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Spectator Sports in London

London may have hosted the 2012 Olympic Games, but don't expect to see many residents practicing their javelin throws in Hyde Park or going for a synchronized swim across the Thames.

Sport in the capital comes into its own when it's watched, rather than participated in. You'll most easily witness London's fervent sporting passions in front of a screen in a pub with a pint in hand. And those passions run deep.

If you're lucky enough to score a ticket for a big football match, you'll experience a seething, jeering mass of mockery and rude chants, especially if the opposition happens to be another London team.

Amid all the aggression you might also catch a glimpse of why the excitement of English football makes it world sport's hottest media property.

And sport does mainly mean football (refer to it as "soccer" at your mortal peril). A generation of footballers lives the high life in London, their status somewhere between sporting rock stars and royalty.

Cricket, rugby, and tennis briefly impinge on Londoners' sporting horizons at certain times of year, but you're unlikely to see grown men crying at the outcome of matches at Wimbledon, or beating each other up about the Ashes.

Football

The English may not be the world's best when it comes to football (they last won the World Cup in 1966), but they invented the modern game and the sport is the national obsession.

London's top teams—Chelsea, Arsenal, Tottenham Hotspur, and West Ham—are world class (especially the first two), however, and regularly progress in the European Champions League.

It's unlikely you'll be able to get tickets for anything except the least popular Premier League games during the August–May season, despite absurdly high ticket prices (as much as £50 for a standard seat).

You'll have a better chance of seeing a match if you avoid the top-tier teams. And a quick tip on conversation: locals love to talk football, but if you're going to join in the banter it is imperative to know your way around the big teams.

Arsenal. Arsenal (aka the Gunners) is historically London's most successful club. Under the managerial reign of Arsene Wenger they have become proponents of attractive, tippy-tappy, free-flowing football—while hardly ever employing any English players. Emirates Stadium, 75 Drayton Park, London, N5 1BU. 020/7619–5000. www.arsenal.com. Tube: Arsenal.

Chelsea. Chief rivals of Manchester United in the Premier League, and title winners in 2009 and 2010, Chelsea (aka the Blues) is owned by one of Russia's richest oligarchs, Roman Abramovich. In recent years the nearly all-foreign team has been forged into a ruthless footballing machine. Stamford Bridge, Fulham Rd., Fulham, SW6 1HS. 0871/9841–905. www.chelseafc.com. Tube: Fulham Broadway.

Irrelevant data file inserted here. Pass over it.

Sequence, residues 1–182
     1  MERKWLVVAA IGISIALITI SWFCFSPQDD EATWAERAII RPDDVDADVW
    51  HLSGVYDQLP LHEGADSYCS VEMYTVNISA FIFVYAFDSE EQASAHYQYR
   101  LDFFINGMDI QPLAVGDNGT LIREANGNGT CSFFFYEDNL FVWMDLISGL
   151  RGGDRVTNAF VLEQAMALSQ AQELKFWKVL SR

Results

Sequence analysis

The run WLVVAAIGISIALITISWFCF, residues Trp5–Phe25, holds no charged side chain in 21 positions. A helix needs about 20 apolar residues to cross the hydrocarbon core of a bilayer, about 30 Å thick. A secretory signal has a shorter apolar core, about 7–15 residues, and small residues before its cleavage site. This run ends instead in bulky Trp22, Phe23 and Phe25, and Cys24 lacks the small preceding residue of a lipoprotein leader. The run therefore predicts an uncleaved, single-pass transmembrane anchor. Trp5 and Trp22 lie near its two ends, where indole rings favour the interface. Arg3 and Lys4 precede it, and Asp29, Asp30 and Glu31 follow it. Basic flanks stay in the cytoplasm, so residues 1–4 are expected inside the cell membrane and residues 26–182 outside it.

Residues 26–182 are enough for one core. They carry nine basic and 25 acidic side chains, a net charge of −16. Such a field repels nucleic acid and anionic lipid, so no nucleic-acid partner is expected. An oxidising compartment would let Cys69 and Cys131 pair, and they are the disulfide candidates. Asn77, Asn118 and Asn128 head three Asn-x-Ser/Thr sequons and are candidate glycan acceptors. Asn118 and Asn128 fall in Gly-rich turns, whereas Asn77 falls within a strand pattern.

Tottenham Hotspur. Tottenham Hotspur (aka Spurs)—bitter North London rivals of Arsenal—has underperformed for decades but there are strong hints of a revival with a bevy of England national team regulars. White Hart Lane, 748 High Rd., London, N17 0AP. 0844/499–5000. www.tottenhamhotspur.com. Tube: National Rail: White Hart Lane.

Cricket

At its best, cricket can be a slow-build of smoldering tension and excitement. At its worst, it can be too slow for the casual observer, as five-day games crawl toward a draw, or as the English weather interferes and rain stops play.

Lord's. Lord's—the home of Marylebone Cricket Club (MCC)—has been hallowed cricketing turf since 1814 and MCC rules codified the game. Tickets for major Test matches are hard to come by: obtain an application form and enter the ballot (lottery) to purchase them. Forms are sent out in early December or apply online. Test Match tickets cost between £28 and £95. Much cheaper county matches (Middlesex plays here) can usually be seen by standing in line on match day. Marylebone Cricket Club, Lord's Cricket Ground, St. John's Wood Rd., St. John's Wood, London, NW8 8QN. 020/7432–1000. www.lords.org. Tube: St. John's Wood.

Tennis

Wimbledon Lawn Tennis Championships. The Wimbledon Lawn Tennis Championships are famous for Centre Court, rain, strawberries and cream, Andy Murray winning the Men's Final, and an insistence on players wearing white. Thankfully rain's been banished on Centre Court by the retractable roof but whether you can get tickets for Centre Court is all down to the luck of the draw—there's a ballot system for advance purchase. See their website for details. You can also buy entry to roam matches on the outside courts, where even top-seeded players compete early on. Get to Wimbledon Tube station as early as possible and join the queue; 500 show court tickets are sold daily, too. The All England Lawn Tennis Club, Church Rd., London, SW19 5AE. 020/8944–1066. www.wimbledon.com.

Running

Virgin London Marathon. The Virgin London Marathon starts at 9:30 am on a Sunday in April, with more than 35,000 athletes running from Blackheath or Greenwich to The Mall. 020/7620–4117. www.london-marathon.co.uk.

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